The new reign commenced with rewards to those who had been instrumental to the change, and with endeavors to obtain popularity. Richard, with a splendid retinue, made a progress through several provincial towns, and was crowned a second time at York, on which occasion he created his only son prince of Wales. But hatred and abhorrence of Richard soon became the general sentiment of the nation, and all men's eyes were turned towards Henry, Earl of Richmond, maternally descended from the Somerset branch of the house of Lancaster.

Buckingham, not thinking himself adequately rewarded, entered into a conspiracy against Richard III, with other malcontents in the south and west of England, but was suddenly deserted by his followers, betrayed into the hands of authority, and executed without trial. About the same time, the Earl of Richmond, who had embarked with a fleet from St. Malo, encountered a violent storm, and was obliged to return. The death of his son, the prince of Wales, was a severe stroke to Richard; and such was the odium attached to his character, that the death of bis wife, which followed soon after, was, without the least evidence, attributed to poison. He immediately determined to marry his niece Elizabeth, the daughter of his brother Edward, and legitimate heiress of the crown, in order to prevent her union with Richmond.

In August, 1485, Richmond landed with a small army at Milford haven. Richard, not knowing in what quarter to expect him, was thrown into much perplexity, which was aggravated by his suspicion of the fidelity of his nobles, and especially the Stanleys, the chief of whom had become the second husband of Margaret, the earl of Richmond's mother. When informed of the advance of his rival, he, however, took the field with great expedition, and met him with an army of 15,000 men at Bosworth, in Leicestershire. Richmond had only 6000 men, but relied on the secret assurances of aid from Stanley, who commanded a separate force of 7000. The battle was fought on 23 August 1485; and, in the midst of it, Stanley, by falling on the flank of the royal army, secured the victory to Richmond.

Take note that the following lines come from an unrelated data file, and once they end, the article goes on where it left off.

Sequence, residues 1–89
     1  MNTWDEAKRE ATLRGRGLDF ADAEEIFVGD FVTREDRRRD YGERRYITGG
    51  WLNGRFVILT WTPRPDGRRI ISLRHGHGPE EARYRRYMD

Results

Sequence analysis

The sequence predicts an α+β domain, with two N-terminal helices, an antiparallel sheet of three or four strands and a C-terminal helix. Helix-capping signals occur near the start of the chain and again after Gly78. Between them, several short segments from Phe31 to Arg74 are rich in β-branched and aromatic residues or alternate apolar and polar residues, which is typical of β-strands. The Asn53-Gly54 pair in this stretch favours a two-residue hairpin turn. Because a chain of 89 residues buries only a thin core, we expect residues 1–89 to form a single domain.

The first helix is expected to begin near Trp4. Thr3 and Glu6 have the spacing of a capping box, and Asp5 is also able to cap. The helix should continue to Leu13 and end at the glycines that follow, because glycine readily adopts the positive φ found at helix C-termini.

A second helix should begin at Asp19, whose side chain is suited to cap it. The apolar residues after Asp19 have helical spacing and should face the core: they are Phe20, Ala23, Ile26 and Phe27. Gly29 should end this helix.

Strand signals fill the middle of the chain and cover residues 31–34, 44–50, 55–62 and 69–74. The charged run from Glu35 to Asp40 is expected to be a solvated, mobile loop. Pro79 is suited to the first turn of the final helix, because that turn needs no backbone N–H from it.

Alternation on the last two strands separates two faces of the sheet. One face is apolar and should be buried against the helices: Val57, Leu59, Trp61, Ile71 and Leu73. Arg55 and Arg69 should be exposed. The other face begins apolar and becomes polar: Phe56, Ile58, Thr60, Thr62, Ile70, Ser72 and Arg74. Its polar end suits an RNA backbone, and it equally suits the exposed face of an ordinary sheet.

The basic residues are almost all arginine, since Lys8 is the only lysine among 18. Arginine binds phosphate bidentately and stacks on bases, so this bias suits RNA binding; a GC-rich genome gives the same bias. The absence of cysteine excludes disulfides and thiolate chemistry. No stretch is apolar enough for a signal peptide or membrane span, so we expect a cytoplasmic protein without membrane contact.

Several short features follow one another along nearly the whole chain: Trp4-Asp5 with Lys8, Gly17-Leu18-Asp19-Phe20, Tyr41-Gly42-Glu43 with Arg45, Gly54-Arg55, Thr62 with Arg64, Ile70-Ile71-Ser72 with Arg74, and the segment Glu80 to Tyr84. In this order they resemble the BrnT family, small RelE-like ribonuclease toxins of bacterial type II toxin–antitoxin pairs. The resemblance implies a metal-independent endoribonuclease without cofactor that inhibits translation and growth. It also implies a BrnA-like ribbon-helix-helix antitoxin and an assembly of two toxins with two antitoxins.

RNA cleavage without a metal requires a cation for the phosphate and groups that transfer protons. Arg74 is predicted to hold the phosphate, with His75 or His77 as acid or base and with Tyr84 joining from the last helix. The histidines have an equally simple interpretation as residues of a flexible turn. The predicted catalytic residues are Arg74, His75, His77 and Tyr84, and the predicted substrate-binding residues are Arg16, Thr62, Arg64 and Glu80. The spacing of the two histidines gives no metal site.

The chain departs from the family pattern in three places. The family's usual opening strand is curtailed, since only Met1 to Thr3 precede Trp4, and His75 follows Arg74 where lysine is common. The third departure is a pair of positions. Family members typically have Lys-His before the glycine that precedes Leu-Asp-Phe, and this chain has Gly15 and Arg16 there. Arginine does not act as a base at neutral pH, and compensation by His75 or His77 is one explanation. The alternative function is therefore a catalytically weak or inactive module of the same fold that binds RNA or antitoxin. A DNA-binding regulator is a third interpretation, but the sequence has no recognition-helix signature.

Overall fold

Richard fell fighting to hold onto his crown against the invading forces of Henry Tudor, later King Henry VII. William Shakespeare famously depicted him going down fighting shouting: "A horse! A horse! My kingdom for a horse!"

Finding his situation desperate, Richard rushed against his competitor, slew his standard-bearer, and was on the point of encountering Richmond himself, when he sunk under the number of his assailants. The body of Richard was found in the field stripped naked, in which condition it was carried across a horse to Leicester, and interred in the Grey Friars' churchyard.

Thus fell this odious prince, in his thirty-fifth year, after possessing the crown, which he had acquired by so many crimes, for two years and two months. Richard possessed courage, capacity, eloquence, and most of the talents which would have adorned a lawful throne. Many of his bad qualities have probably been exaggerated, but undeniable facts prove his cruelty, dissimulation, treachery, and relentless ambition. Gibbon has answered the Historic Doubts of Walpole concerning the reign and character of Richard.

Richard III has been represented as of small stature, deformed, and of a forbidding aspect; but there is some testimony to prove that his personal, like his mental, defects, have been magnified by the general detestation of his character.

After his death his body was taken to the Grey Friars Church in the nearby city of Leicester and buried in a hastily dug grave which was too small to house his body. The location of his grave became a mystery until 2012 when it was found under a municipal car park in a discovery which stunned archaeologists and captivated the Richard's remains were re-interred at Leicester cathedral on 23 March 2015 in a ceremony led by Archbishop of Canterbury Justin Welby, spiritual head of the Anglican Church, and members of the royal family.

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Page last modified: 06-03-2016 19:37:17 ZULU